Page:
18 March, 2013Issue 21.5HistoryPolitics & SocietySport

Email This Article Print This Article

Laptops for Goalposts

Calum Mechie

The Outsider: A History of the GoalkeeperJonathan Wilson
The Outsider: A History of the Goalkeeper
368 pages
ISBN 9781409123194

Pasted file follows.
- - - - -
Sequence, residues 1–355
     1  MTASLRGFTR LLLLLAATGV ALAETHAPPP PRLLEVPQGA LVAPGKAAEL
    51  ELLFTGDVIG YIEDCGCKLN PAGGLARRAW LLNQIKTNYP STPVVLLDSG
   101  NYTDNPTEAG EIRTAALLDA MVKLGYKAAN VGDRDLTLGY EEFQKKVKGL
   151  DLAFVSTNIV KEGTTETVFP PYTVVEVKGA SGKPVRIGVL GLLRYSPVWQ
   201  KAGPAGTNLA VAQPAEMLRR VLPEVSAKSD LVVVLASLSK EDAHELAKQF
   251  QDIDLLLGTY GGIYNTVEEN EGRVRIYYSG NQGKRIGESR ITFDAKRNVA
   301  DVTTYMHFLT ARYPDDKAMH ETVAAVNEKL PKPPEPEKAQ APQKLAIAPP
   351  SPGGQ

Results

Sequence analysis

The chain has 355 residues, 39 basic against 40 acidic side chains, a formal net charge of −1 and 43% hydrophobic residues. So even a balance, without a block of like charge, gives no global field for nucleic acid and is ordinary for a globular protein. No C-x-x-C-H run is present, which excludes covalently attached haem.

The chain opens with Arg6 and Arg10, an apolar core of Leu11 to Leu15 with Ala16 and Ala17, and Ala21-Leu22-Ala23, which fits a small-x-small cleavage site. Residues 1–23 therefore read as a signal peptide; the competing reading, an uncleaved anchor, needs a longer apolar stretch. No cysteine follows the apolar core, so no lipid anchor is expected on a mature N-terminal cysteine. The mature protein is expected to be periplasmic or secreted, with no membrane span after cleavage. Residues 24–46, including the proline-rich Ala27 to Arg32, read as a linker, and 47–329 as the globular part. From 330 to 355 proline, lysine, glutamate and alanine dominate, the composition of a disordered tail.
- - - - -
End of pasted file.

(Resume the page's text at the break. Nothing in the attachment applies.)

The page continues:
The second decade of the 21st century has been declared (mainly, it has to be acknowledged, by bloggers) the “age of the blog” in football writing. Fuelled by Twitter, the modest but deeply committed readership of general sites such as In Bed With Maradona and club-specific sites such as Arseblog indicate an involved, active audience for niche stories and subversive readings of official narratives. The incredible availability of data both statistical and financial has given rise to expert blogs and this has in turn led to some crossover between the niche and the mainstream: Michael Cox who set up his tactical blog Zonal Marking in 2010 now writes a regular column for the Guardian, while Swiss-based football finance blogger “The Swiss Rambler” was quoted in an article in the Financial Times last month. The Guardian, institutionally committed to the “involved debate” that is the blogger’s métier, has even set up a “Sports Network” to negotiate between the two spheres. Money-making but non-remunerative, the Guardian’s is an imbalanced nexus seeking to co-opt the blogger’s skill and audience share into an otherwise unperturbed hegemony.